“Try to work within existing programs instead of creating new ones” was the input of city manager Rick Getschow. The reason? The city’s budget “goes mainly towards public safety and parks and recreation,” and is “severely limited in the social services area” explained the mayor. Practical as they may initially seem, those arguments, when put in context of the reality of our students’ conditions, become invalid and useless. Currently, the city is investing $1.6 million to renovate Round Lake Park outside of Eden Prairie High School and across the street from the Eden Prairie Community Center. Somali students, including the ones in Eden Prairie High, do not go to this park nor do they go to the community center. Since most Somali-American students do not live within walking distance of the park and cannot afford the transportation, they do not go there, meaning that the $1.6 million used to renovate the park does not reach them. The $40 monthly fee for the community center explains why this is another territory they do not approach as well. It’s ironic that money has to be a prerequisite to be a part of one’s own “community”. Twice a day, our students ride past the park and the community center in their school buses knowing that, due to their disadvantaged socio-economic status, they are shunned from them. Instead they play basketball at Nesbitt Park, the one close to where most of them live. It does not have water fountains. But somehow Round Lake Park is in more need of renovations, the city thinks. The Somali-American students of Eden Prairie live in the city but do not enjoy the best that it has to offer. While their peers live the splendid life associated with their city, our students, behind their school bus windows, only watch.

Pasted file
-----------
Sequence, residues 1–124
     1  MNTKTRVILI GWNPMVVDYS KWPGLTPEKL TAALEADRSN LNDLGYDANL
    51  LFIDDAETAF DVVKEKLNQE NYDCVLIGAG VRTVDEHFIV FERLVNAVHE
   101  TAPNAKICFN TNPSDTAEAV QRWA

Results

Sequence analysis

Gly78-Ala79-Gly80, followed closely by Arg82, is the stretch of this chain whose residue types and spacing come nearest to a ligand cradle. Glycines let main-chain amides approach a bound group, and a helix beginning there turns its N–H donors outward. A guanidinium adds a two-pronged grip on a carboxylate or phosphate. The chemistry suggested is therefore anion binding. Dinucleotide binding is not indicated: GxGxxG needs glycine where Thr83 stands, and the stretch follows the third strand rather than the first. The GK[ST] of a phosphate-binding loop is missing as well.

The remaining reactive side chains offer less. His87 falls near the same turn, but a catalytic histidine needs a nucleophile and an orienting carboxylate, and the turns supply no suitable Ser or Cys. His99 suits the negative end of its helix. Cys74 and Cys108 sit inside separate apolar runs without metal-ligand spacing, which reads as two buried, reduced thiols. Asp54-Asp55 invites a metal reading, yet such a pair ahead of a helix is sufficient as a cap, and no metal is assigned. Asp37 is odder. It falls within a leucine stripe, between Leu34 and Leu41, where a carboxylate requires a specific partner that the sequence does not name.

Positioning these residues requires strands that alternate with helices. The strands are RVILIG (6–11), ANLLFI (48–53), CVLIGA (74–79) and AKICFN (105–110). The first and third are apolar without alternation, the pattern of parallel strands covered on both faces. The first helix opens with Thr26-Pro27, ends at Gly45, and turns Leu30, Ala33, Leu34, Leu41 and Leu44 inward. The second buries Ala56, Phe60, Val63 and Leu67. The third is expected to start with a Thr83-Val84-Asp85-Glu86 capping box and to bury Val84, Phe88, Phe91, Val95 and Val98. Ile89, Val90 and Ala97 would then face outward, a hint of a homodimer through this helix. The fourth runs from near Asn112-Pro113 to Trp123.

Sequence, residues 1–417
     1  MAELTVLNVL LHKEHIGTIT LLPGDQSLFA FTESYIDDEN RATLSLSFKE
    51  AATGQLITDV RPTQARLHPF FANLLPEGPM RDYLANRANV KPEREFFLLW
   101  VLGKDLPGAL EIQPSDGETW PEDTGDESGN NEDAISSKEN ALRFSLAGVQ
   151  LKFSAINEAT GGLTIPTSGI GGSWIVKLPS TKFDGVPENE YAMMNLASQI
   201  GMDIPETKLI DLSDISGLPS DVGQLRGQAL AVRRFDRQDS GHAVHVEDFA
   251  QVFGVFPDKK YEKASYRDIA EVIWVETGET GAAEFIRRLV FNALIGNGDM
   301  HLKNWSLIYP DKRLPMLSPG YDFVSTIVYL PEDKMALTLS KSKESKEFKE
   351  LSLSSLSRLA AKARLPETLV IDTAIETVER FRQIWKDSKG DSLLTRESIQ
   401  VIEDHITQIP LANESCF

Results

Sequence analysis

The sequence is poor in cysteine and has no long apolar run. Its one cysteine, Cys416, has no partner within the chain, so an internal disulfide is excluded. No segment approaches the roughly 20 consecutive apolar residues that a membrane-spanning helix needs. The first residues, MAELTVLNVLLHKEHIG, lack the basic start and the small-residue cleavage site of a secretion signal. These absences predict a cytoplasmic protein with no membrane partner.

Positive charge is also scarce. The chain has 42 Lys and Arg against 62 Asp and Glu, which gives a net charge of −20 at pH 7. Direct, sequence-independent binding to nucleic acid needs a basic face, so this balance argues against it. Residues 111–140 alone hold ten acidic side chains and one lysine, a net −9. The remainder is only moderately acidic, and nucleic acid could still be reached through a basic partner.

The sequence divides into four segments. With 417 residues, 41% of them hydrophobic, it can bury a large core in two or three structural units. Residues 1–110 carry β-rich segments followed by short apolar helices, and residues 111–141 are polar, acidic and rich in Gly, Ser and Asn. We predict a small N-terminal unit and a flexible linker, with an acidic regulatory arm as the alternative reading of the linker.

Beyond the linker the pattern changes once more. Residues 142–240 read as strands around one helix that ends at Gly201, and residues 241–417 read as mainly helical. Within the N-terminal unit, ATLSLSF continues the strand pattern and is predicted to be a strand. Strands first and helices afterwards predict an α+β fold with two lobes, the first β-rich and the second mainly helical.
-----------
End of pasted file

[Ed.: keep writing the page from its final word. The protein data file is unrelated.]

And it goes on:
The city of Eden Prairie may have thought that our students were resigned to the unfair treatment they receive because of their poverty, but today at the city hall meeting, the city was proven wrong. In numbers, Somali-American students came to the meeting and sat facing the mayor and watched as she still refused to take direct action to help uplift them. The mayor did this while looking them right in the eye. And maybe they would have been less discontent about her callous dismissal of their needs had she had been more confident of which department and individual she was advising them to approach for help. If the mayor has no clue what department she is sending someone to, how can she be so adamant that this department is equipped with the appropriate resources to help that person’s cause?
Today, our students were given proof that their mayor seems to have forgotten that it is her duty to serve their needs as equal citizens of this city. When she ran for office, these kids’ parents supported her and gave her their vote. She came knocking on the door of our community and we swung it wide open and received her with welcoming arms. Yesterday and today when we went knocking on her door, we learned the hard way that what we have done for her was, in fact, in vain. As law-abiding taxpayers of the city of Eden Prairie, we at Ka Joog Nonprofit Organization will not be ignored. We will continue to fight until we receive the support we were promised as members of the Somali-American community. The mayor needs to understand that when Ka Joog came to meet with her it was not to beg for charity; we came demanding that which the children of our community deserve—her support—and which she would not give them.